In 2016, shortly before the EU referendum, Yanis Varoufakis warned that the UK was destined for a “Hotel California Brexit”: it could check out but it could never leave. The former Greek finance minister spoke from experience. In 2015, his efforts to end austerity – “fiscal waterboarding” – were thwarted by the EU (a struggle recorded in his memoir Adults in the Room: My Battle With Europe’s Deep Establishment).
Theresa May’s draft Brexit deal confirmed Varoufakis’s prophecy: the UK would be condemned to purgatory. With fortuitous timing, on the evening that May’s agreement was published, Varoufakis delivered an Oxford Union lecture on Europe’s future. The 57-year-old Marxist and game theorist wryly remarked that Conservative cabinet ministers praised his analysis in private.
“The UK should never have entered the negotiations,” he told me when we met afterwards. “You do not negotiate with the EU because the EU does not negotiate with you. It sends a bureaucrat, in this case it was Mr Barnier…they could have sent an android, or an algorithm.”
May’s fatal error, Varoufakis said, was to accept a two-phase negotiation: a divorce agreement followed by a new trade deal. “This was a declaration of war because Barnier said: ‘You will give us everything we want: money, people, Ireland. And only then will we discuss what you want.’ Well, that isn’t a negotiation, that’s a travesty. And Theresa May agreed to play along.”
But Varoufakis, who helped persuade Jeremy Corbyn to support Remain in 2016, has little sympathy for the “People’s Vote” movement. “It’s offensive. What was the first vote? Wasn’t it a people’s vote? To call it a people’s vote is to try and delegitimise the original vote – to say it was dictatorial, it was rigged.”
He added: “You have to explain two things: first, how are you going to get the referendum completed before the Article 50 period is over? Secondly, how can you have a binary choice between five or six options? Explain those things and I’m with you.”
Has the UK’s difficulties deterred other member states from leaving? “I never thought that the EU would disintegrate as a result of exits,” Varoufakis said. “It is fragmenting without any formal exits. You have Orbán [in Hungary] doing his own thing, the Polish government doing its own thing, the Italian government violating all the rules.” The EU could, he quipped, one day resemble the post-Soviet Commonwealth of Independent States (“I was in Moscow some time ago and noticed there was still an office”) – or, I suggested, the League of Nations.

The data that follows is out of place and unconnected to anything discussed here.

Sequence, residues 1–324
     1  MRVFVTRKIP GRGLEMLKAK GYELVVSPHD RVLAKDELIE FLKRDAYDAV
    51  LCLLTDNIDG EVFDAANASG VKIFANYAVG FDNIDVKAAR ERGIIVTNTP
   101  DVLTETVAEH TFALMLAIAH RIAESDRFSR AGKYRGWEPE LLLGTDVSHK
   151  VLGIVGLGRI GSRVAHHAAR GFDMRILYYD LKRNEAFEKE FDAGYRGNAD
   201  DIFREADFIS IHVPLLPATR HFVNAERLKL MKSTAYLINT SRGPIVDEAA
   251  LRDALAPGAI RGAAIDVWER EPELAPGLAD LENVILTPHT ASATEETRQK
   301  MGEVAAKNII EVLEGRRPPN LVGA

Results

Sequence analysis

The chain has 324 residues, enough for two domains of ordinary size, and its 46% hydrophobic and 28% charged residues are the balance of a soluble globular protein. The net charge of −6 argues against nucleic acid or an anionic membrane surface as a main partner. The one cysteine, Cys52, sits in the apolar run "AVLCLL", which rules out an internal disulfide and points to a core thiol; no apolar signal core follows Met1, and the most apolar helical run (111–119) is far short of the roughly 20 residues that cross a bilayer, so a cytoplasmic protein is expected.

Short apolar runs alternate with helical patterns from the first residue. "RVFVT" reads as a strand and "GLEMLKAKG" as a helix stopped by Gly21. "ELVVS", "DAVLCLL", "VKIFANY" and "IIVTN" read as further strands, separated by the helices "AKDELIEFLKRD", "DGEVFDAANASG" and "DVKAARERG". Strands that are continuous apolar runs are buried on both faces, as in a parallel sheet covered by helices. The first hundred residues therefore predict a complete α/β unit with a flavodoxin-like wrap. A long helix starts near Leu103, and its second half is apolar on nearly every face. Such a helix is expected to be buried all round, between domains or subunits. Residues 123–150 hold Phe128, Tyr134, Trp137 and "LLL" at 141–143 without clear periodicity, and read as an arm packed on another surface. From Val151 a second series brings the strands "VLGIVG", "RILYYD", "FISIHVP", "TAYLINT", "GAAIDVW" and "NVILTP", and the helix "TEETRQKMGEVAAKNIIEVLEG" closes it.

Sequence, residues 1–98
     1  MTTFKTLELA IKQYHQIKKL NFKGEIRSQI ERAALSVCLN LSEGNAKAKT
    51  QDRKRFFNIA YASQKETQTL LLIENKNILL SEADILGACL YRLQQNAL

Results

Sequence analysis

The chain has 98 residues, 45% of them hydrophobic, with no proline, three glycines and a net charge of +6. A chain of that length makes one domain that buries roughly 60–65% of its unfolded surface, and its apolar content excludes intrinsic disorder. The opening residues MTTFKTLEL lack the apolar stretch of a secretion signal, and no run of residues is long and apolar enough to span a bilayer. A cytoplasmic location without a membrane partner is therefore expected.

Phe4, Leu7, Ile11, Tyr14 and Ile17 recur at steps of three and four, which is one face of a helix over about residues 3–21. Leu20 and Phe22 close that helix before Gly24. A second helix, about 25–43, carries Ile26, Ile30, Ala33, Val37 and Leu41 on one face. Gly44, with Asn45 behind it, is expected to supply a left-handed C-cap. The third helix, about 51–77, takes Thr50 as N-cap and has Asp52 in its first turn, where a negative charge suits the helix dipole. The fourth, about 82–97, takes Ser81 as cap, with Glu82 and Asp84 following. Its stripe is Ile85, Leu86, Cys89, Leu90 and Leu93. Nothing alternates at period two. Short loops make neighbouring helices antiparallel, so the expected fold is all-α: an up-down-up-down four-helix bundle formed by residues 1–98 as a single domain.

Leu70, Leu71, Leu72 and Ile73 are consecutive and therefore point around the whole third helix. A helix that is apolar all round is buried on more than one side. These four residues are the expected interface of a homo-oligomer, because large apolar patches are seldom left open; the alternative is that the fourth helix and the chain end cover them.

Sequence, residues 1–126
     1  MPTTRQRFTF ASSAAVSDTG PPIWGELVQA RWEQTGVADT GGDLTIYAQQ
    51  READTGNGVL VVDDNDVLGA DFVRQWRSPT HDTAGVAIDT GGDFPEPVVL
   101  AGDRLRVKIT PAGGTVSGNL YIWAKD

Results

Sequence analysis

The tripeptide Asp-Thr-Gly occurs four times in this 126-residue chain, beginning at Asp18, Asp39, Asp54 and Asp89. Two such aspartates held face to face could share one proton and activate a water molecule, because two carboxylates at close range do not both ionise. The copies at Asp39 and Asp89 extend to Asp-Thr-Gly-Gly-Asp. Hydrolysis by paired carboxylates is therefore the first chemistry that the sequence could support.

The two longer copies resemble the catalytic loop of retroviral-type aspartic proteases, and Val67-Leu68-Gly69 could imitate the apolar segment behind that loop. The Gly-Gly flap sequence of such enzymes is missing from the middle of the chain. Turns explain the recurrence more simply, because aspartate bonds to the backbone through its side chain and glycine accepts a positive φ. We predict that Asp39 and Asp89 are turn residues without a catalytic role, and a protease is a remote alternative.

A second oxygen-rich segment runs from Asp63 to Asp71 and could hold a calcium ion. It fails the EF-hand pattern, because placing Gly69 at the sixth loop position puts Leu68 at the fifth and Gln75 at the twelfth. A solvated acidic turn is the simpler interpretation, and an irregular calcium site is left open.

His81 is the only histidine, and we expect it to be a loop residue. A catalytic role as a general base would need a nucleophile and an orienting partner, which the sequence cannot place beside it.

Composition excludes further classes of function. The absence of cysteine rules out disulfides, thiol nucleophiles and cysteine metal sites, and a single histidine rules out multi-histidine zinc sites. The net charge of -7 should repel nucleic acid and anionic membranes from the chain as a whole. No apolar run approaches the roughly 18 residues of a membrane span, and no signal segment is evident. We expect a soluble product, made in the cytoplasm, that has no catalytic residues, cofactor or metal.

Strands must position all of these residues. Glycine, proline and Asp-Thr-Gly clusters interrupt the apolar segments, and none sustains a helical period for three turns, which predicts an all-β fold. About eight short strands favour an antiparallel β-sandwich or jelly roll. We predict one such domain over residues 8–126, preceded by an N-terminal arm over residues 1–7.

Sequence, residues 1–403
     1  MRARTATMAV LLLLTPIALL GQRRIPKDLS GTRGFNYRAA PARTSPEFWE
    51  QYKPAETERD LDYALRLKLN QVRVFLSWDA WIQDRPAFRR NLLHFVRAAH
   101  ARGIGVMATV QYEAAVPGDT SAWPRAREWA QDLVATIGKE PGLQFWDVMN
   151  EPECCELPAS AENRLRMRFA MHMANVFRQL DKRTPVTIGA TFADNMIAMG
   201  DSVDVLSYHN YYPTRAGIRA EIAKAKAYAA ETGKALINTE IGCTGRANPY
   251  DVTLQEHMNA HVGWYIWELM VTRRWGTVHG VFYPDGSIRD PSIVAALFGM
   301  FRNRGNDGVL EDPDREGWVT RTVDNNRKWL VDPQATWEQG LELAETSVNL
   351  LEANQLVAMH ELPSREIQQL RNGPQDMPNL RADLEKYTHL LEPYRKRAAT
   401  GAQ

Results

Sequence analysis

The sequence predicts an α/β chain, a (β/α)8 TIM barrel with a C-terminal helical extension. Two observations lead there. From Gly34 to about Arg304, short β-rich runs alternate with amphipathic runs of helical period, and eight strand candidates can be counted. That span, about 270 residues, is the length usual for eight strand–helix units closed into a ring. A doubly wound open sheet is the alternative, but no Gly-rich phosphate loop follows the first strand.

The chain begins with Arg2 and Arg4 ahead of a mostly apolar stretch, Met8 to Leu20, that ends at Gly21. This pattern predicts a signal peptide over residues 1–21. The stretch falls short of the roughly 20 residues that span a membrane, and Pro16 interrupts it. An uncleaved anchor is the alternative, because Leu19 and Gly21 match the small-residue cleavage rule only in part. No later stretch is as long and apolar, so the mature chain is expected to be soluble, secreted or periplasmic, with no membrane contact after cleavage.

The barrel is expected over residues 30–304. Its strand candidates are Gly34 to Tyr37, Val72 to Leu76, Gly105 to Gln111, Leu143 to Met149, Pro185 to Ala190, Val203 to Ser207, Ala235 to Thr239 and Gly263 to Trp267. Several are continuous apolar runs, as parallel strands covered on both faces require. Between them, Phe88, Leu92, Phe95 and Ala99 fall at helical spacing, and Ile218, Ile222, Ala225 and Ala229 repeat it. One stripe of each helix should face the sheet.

Angela Merkel, Europe’s pre-eminent leader, has begun her long farewell. I asked Varoufakis how he viewed the liberal adulation of the German austerian. “I’m a dialectician: she has been a disaster and we’re going to miss her. She is a disaster because she squandered immense political capital that could have been used to reshape Europe. But we’re going to miss her because whatever comes next will be worse.”
Varoufakis is writing “political science fiction” but his main focus is the pan-continental Democracy in Europe Movement 2025 (DiEM25), which he founded in 2015 and which will contest next year’s European elections. Some, I noted, had dismissed it as a vanity project (albeit one with 75,000 members). “There are historic moments, moments of deep crisis when we need new movements,” Varoufakis countered. “The Labour Party emerged because the Liberals simply could not satisfy the needs of the working class in Britain. Similarly, I think that DiEM25 is necessary because nationally confined parties are simply not fit for purpose when our major crises – private debt, public debt, low investment and poverty – are like climate change, they’re common crises.”
He added: “It’s important to keep freedom of movement, we’re internationalists and we do not want to see borders. The idea that foreigners are a problem is a toxic idea and it’s completely wrong. I reject wholeheartedly the argument that no borders serves the interest of capital because migrants compete with the local working class. This is a pathetic argument, it’s wrong, that never happens. Migrants create jobs – in aggregate – they do not take jobs away.”
His dream, he said, was for the UK to return to a progressive and democratic EU in 2025. Varoufakis has deep ties to Britain: he studied mathematics and obtained a PhD in economics at the University of Essex (accounting for his fluent English) and taught at Cambridge. He later emigrated to Australia, where he lectured at the University of Sydney, before returning to Greece in 2000 (citing “nostalgia and abhorrence of [Australia’s] conservative turn”). He lives there with his second wife, Danae Stratou, a Greek visual and installation artist.
In an era of centre-left decline and “Pasokification” (a term derived from Greece’s vanquished Pasok party), Varoufakis continues to draw hope from Jeremy Corbyn.
“I remain a great supporter of Jeremy. I’m not so sure about the Labour Party because it is a cesspit of backstabbing and shenanigans. It’s a very antiquated party, I wouldn’t like to be part of it. But Jeremy has done a remarkable job of navigating his way through the various landmines that the Blairites put in his way.”
In Greece, Varoufakis said, his “greatest adversary” is “the couch”. He explained: “After 2015, people felt so demoralised that they’ve privatised their grief, their concerns, their hopes and they stay at home. It is impossible to get them off the couch, to get them to vote, to participate.”
But “talking to people”, Varoufakis said, also remained his greatest source of optimism. “It’s when I am reading newspapers and listening to the radio that my spirits wane.”
George Eaton is political editor of the New Statesman.